Kibingo has a honeyed mouthfeel and flavor, toasted sugar, black tea, buoyant body and tea-tannic acidity. A crowd pleasing coffee. City to Full City.
|Drying Method||Raised Bed Sun-Dried|
|Arrival date||January 2019 Arrival|
|Bag size||60 KG|
|Appearance||.6 d/300gr, 15+ screen|
|Roast Recommendations||City to Full City|
With honey processing, the demucilage machinery can be adjusted to leave more or less fruit on the seed. Honey coffees with a lot of sticky mucilage left intact tend to be the more fruited types, and not to mention, often trade acidity for big body. But If very little mucilage is left on and the coffee is rinsed the following day, you can acheive a cup that is right in line with a fully washed/fermented coffee - clean, crisp, and even bright. And that's what we have here with Kibingo, a clean example of honey process coffee. Kibingo Station is a coffee cherry collection site located in Kayanza, Burundi's northern province that borders neighboring Rwanda. The washing station acts as a central delivery site for a few thousand small holder famers who occupy the 18 hills that surround Kibingo. Kibingo sits at just under 1900 meters above sea level, and many of the farmers have coffee planted much higher than this. Kibingo is named after reeds that are growing in the river running alongside the station site, planted in order to help keep the soil at the banks from eroding. They've been around since the mid 1980s, and last year Kibingo took 1st place at the Burundi Cup of Excellence competition, no small task.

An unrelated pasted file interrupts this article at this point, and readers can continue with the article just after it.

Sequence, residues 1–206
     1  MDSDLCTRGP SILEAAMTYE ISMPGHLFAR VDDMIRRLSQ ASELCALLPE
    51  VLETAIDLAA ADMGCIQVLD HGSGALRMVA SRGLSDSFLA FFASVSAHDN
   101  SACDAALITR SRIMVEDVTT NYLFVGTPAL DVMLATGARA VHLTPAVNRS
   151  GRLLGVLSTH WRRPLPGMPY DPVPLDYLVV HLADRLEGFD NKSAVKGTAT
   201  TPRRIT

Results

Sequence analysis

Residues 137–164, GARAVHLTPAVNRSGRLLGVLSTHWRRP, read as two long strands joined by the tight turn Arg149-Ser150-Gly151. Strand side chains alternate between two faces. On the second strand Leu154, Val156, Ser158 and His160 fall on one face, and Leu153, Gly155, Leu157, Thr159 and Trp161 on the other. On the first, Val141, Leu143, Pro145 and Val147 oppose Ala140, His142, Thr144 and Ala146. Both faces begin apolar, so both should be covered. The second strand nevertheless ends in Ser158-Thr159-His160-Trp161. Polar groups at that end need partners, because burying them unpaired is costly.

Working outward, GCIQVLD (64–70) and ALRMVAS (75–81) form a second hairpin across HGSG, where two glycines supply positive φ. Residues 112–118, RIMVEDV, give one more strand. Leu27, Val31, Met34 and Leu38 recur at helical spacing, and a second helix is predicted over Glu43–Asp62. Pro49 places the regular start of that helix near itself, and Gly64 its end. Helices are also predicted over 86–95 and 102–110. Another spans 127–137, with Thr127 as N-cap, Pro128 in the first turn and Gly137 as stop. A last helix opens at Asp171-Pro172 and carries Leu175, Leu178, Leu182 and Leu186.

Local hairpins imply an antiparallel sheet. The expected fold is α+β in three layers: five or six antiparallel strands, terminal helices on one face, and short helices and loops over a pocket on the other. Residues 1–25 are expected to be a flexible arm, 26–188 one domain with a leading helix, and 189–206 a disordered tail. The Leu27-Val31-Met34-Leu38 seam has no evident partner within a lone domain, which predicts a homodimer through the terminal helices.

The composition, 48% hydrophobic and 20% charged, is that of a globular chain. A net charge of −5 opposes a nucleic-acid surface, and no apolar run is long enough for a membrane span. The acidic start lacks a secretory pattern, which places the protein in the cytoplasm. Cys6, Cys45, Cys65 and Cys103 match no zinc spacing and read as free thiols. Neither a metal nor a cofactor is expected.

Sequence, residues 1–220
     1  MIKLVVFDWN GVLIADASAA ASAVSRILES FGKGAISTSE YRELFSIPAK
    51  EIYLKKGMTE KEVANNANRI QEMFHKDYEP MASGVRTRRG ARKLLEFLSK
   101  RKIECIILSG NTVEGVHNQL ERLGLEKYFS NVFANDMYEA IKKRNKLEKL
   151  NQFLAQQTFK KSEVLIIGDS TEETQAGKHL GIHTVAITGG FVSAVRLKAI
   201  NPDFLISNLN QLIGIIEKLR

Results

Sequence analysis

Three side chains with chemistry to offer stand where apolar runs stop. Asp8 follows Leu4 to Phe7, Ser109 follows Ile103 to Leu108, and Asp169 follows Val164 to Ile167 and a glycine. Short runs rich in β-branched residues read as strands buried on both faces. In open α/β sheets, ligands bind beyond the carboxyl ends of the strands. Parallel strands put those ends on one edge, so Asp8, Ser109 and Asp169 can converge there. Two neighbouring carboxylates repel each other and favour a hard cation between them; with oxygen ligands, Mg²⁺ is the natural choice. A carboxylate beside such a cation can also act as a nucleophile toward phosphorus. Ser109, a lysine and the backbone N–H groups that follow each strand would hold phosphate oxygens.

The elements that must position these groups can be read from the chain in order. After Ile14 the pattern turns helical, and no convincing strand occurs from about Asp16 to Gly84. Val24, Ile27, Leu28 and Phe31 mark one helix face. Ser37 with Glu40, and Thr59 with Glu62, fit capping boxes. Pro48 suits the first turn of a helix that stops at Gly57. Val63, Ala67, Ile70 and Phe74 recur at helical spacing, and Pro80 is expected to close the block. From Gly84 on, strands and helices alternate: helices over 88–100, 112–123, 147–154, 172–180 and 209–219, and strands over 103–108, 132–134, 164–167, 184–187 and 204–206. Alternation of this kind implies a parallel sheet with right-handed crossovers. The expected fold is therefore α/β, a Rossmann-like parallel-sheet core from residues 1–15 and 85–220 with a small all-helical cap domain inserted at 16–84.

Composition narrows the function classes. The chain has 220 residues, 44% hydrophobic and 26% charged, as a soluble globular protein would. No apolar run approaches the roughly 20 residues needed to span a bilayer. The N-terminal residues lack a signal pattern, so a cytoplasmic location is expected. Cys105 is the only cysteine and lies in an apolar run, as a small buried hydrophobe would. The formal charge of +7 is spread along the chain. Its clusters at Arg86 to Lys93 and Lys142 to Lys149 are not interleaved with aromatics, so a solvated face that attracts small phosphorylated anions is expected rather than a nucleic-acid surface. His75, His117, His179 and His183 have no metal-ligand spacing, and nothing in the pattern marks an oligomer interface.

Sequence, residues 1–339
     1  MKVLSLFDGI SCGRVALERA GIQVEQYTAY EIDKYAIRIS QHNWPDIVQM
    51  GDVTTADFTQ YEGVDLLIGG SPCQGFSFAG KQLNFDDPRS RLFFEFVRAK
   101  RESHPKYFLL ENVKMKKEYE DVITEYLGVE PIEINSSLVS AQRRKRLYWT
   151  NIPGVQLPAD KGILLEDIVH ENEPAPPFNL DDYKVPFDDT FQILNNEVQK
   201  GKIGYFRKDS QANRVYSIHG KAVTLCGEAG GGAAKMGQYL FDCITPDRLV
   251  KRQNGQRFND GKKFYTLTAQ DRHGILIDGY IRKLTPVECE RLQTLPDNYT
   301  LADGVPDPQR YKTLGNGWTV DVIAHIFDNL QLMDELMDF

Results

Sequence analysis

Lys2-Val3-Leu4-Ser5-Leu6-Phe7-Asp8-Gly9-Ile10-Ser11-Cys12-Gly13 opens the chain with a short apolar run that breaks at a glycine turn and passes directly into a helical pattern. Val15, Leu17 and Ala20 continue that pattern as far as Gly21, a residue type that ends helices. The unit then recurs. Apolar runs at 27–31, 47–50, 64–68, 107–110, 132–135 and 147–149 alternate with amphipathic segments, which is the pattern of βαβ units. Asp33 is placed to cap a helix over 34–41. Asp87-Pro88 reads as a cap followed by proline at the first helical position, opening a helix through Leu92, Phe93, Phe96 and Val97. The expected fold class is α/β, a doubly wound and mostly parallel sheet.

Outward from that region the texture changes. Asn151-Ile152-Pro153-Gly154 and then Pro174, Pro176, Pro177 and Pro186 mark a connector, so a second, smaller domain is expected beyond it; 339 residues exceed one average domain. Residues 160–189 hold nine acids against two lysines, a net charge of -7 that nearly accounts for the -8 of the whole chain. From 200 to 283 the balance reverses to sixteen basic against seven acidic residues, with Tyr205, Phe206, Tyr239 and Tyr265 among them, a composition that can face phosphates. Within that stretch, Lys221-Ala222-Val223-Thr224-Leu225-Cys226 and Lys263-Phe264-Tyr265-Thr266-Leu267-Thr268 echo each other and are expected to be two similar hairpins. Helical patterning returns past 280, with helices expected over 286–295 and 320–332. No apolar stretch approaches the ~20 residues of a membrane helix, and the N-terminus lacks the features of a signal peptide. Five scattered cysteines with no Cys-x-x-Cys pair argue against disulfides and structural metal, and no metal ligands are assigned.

This Kibingo lot is an example of how honey processing doesn't necessarily translate to a fruit forward coffee. The dry fragrance has a sweet molasses syrup smell to it with chocolate bittersweetness just beneath the surface. The aroma has a slight pulpy fruit accent when the coffee is roasted light, but nearly eclipsed by sweet to bittering "coffee" smells with more roast development. Kibingo has a honeyed mouthfeel in light and darker roasting which accentuates honey-like sweet flavor in the cup (especially at City and City+). It's a clean cup, especially when considering process method, and a simple profile of toasted sugar, black tea, buoyant body and tannic acidity constructs a crowd pleasing brewed coffee. It's pretty typical for honey processed coffees to have more silverskin intact than washed coffees. Because of this, you should expect a bit more chaff when roasting, but not so much that it's hazardous or impedes your ability to judge surface color.